FAQ: Loops - Nested Loops

just did the exercise and on the final step i get the error message with this code even though the output is:
paul
frank

const bobsFollowers = [‘jim’, ‘paul’,‘frank’, ‘john’];
const tinasFollowers = [‘lucy’,‘frank’,‘paul’];
let mutualFollowers=
for (let i = 0; i < bobsFollowers.length; i++) {
for (let j = 0; j < tinasFollowers.length; j++) {
if (bobsFollowers[i] === tinasFollowers[j]) {
console.log(mutualFollowers + tinasFollowers[j])
}
}
};

however when i type in the mutual friends in

let mutualFollowers= [‘frank’, ‘paul’]

it outputs and the checkbox ticks indicating i completed the exercise:

frank,paulpaul
frank,paulfrank

i check the forums and see everyone is using .push method so i feel as if im missing something, but i thought the way i did it was the easiest and most straightforward way of solving the problem.

Should we be logging at this point? Or accumulating data?

I got through the exercise but the output repeats one of the values and i’d like to know why.
Can anybody help me ?

Because your .log() is within the loop? So every time there is a match, two things happen:

a value is pushed into the array
the entire array gets logged

I dot know really understand the exercise. Can someone give me a clear explanation for dummies in the most simplified way?


  1. This should let us loop between boob and Tinas followers but in which way?

for (let i = 0; i < bobsFollowers.length; i++) {

for (let j = 0; j < tinasFollowers.length; j++) {


What does this mean?


if (bobsFollowers[i] === tinasFollowers[j]) {

  mutualFollowers.push(bobsFollowers[i]);

console.log (mutualFollowers)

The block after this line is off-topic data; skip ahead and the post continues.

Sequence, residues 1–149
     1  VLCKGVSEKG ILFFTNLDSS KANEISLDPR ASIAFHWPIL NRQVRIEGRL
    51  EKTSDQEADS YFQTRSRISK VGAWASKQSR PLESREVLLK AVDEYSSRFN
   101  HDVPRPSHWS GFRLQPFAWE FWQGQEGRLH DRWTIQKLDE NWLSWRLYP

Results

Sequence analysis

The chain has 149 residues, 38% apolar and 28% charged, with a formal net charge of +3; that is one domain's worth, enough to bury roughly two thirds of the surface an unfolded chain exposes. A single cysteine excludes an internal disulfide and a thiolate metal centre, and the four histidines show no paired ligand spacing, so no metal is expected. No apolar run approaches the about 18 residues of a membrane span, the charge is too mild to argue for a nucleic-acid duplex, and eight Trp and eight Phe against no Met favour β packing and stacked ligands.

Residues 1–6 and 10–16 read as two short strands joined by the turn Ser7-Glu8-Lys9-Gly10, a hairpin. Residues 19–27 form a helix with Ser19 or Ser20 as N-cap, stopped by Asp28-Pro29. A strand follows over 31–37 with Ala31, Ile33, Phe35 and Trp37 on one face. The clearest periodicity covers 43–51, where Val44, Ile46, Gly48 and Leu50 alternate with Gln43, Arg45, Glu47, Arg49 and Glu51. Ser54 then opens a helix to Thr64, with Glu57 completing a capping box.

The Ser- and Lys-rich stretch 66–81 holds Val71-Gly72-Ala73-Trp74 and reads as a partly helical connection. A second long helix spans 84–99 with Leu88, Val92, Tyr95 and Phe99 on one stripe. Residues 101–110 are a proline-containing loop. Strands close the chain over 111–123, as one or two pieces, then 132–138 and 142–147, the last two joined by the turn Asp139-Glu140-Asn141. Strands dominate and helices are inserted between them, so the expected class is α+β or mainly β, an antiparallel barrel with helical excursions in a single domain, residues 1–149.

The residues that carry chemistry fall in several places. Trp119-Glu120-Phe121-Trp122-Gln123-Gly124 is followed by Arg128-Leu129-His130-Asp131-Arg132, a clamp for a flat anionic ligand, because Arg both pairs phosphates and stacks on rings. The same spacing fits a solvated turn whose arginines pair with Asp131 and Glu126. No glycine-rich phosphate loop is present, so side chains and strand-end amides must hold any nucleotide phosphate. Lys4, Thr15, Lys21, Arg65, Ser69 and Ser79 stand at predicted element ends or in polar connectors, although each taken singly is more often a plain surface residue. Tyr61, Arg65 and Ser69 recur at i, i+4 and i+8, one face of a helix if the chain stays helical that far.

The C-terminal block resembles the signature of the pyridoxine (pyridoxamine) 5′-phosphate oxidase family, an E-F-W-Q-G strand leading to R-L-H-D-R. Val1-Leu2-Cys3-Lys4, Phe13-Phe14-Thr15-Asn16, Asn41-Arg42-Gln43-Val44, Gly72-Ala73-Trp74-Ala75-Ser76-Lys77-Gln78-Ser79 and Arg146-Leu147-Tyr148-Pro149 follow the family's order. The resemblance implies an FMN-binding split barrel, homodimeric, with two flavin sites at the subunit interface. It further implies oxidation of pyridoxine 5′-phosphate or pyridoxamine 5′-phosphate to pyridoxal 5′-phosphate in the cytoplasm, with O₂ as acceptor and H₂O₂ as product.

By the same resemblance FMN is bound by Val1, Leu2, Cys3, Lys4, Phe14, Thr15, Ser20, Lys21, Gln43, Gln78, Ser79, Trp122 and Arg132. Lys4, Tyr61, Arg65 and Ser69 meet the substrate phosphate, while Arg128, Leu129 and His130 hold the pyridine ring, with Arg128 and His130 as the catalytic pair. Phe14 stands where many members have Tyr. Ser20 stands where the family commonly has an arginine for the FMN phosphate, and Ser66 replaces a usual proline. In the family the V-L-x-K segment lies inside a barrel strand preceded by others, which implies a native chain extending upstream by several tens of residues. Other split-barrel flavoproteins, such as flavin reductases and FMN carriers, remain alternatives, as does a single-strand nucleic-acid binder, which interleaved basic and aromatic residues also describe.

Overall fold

Why I get printed?:





[ ‘Marta’ ]
[ ‘Marta’ ]
[ ‘Marta’, ‘Sam’ ]
[ ‘Marta’, ‘Sam’ ]
[ ‘Marta’, ‘Sam’ ]
[ ‘Marta’, ‘Sam’ ]
[ ‘Marta’, ‘Sam’ ]
[ ‘Marta’, ‘Sam’ ]

You could consider what you want to do during a single iteration.

Let’s say you have a follower of bob. What do you want to do with that follower?

I don’t get how the loop can help me to find the common follower, in which way? could you explain to me each line of code and what that line does? I don’t get why I get printed:





[ ‘Marta’ ]
[ ‘Marta’ ]
[ ‘Marta’, ‘Sam’ ]
[ ‘Marta’, ‘Sam’ ]
[ ‘Marta’, ‘Sam’ ]
[ ‘Marta’, ‘Sam’ ]
[ ‘Marta’, ‘Sam’ ]
[ ‘Marta’, ‘Sam’ ]

Not really sure also of the .push function in this exercise

If you know one follower of bob, presumably you would compare it to tina’s followers and see if she has that follower too?

If you stop obsessing with code and instead think about what needs to happen you might find it a whole lot easier. You can’t write code before having decided what should happen.

If you’re not sure what some built in function does, google for documentation of it.

Sorry I am a bit lost and new to JS, I understood that but cannot visualize the code - like how the .push function really works in this exercise and why I get print what I printed. I did my googling, I watched my videos but I can’t still understand. I thought I may get help here. I did not want to raise any discussion, I just seek for an answer

Discussing can be very good and helpful :slight_smile:

You need to break these things so you understand them. So what does push do? It pushes an element to the end of the array. You could visualize this by imaging a queue for example.